Apocryphal Gospels and the Mainstream Media

the-four-gospels

One thing that I have observed over the years is that major media outlets love apocryphal gospels.  Whenever the person of Jesus is discussed–usually at Easter and Christmas–there is always a discussion about how the real story of Jesus has been suppressed and can only now be found in these lost gospels.   Sweeping claims are then made about how there was no agreement on much of anything in the first four centuries of the faith and that other stories of Jesus circulated by the thousands. Only after Constantine came along does the church decide which books to accept (and then subsequently denies all other books admission to the club).

When …

Continue reading…

The Complete Series: 10 Misconceptions About the NT Canon

New Testament

For the last 3-4 months I have been working through a blog series entitled “10 Misconceptions About the New Testament Canon.”  This series exams some common beliefs out there in the academic (and lay-level) communities that prove to be problematic upon closer examination.

Although the series is not quite finished (two more to go), I have received several requests to have it all one place.  So, here is the list.  I will update this list as we go along.  Also, there will be a link to this list under the “Blog Series” heading in the left margin of my website.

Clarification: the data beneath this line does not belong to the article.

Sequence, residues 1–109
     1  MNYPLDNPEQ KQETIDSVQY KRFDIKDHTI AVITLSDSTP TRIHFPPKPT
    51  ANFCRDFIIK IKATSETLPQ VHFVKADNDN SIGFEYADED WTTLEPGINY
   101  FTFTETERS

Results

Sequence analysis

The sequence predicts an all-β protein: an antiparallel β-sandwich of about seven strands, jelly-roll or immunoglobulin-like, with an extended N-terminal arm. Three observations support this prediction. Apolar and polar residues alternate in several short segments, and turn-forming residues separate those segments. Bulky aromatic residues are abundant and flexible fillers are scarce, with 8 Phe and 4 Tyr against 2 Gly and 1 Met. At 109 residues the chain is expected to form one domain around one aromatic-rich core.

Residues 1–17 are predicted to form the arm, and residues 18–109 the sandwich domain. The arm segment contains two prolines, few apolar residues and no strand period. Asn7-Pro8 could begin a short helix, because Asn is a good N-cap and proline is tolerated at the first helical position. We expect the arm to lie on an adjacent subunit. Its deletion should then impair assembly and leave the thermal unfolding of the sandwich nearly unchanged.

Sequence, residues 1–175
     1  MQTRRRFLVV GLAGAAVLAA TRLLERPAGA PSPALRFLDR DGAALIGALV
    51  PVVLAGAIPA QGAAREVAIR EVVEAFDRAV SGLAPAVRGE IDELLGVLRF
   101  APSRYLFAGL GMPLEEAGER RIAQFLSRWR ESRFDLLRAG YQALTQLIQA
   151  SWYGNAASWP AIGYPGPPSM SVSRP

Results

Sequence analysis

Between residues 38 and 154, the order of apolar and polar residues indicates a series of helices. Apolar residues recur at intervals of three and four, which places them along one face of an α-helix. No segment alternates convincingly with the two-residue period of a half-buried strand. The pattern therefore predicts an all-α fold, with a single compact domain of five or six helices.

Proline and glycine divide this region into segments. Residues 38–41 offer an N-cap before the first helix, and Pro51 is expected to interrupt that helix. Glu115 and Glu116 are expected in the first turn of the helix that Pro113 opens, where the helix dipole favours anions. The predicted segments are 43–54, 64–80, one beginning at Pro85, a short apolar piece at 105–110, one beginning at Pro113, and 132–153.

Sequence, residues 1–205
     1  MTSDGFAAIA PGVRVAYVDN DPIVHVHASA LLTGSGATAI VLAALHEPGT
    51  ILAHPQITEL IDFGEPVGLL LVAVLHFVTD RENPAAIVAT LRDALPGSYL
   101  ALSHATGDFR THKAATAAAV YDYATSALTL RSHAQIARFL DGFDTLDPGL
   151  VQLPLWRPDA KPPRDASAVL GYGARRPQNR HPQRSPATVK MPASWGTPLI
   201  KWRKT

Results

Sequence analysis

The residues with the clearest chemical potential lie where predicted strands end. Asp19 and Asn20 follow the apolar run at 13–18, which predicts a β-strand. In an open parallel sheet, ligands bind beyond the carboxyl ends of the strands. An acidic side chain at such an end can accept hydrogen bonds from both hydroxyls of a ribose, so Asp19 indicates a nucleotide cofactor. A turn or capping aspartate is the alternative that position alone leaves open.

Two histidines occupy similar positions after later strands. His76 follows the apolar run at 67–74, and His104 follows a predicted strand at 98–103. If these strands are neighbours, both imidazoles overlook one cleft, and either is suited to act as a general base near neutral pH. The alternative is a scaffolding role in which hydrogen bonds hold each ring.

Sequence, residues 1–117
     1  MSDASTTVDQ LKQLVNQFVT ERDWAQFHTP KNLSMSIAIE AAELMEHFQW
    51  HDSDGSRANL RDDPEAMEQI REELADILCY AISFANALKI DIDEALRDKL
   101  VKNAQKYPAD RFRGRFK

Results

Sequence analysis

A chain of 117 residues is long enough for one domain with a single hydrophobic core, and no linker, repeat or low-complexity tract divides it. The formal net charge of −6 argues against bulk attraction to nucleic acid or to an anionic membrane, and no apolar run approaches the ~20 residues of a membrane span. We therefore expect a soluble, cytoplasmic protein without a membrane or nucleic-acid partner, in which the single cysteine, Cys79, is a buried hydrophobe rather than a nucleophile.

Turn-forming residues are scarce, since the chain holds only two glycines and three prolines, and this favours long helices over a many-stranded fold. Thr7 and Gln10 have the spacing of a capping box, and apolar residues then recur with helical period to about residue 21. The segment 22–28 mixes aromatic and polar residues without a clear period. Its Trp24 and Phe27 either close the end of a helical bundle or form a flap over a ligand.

1. The Term “Canon” Can Only Refer to a Fixed, Closed
  2. Continue reading…

10 Misconceptions about the NT Canon: #8: “Early Christianity was an Oral Religion and Therefore Would Have Resisted Writing Things Down”

Paul writing

Note: this is the eighth installment of a blog series announced here.

Recent years have seen a flurry of scholarly activity focused on the oral transmission of Jesus material within early Christianity.   Scholars (ranging from Gerhardsson to Dunn to Bauckham) have explored different models for how this oral tradition would have been preserved and delivered to each new generation.

Out of this discussion, however, a new objection to the origins of the New Testament canon has arisen.  The earliest Christians are now portrayed as being so committed to oral modes of delivery that they would have had an aversion to the written text.  Indeed, this entrenched resistance to the …

Continue reading…

Review of New Book, Did God Really Say?

apple

In a prior blog post, I mentioned the publication of a new book edited by David Garner entitled, Did God Really Say?: Affirming the Truthfulness and Trustworthiness of Scripture.  This book is a compilation of papers originally given at the 2011 PCA General Assembly by scholars from Reformed Theological Seminary, Westminster Theological Seminary, and Covenant Theological Seminary.   Participants included Scott Oliphint, Michael Williams, Robert Yarbrough, Vern Poythress, John Frame, and myself.  David Garner also included a summary chapter.

I noticed in the Aquila Report today that there was a helpful review of the book by Aimee Byrd.  In particular, she notes a thread running through a number of …

Continue reading…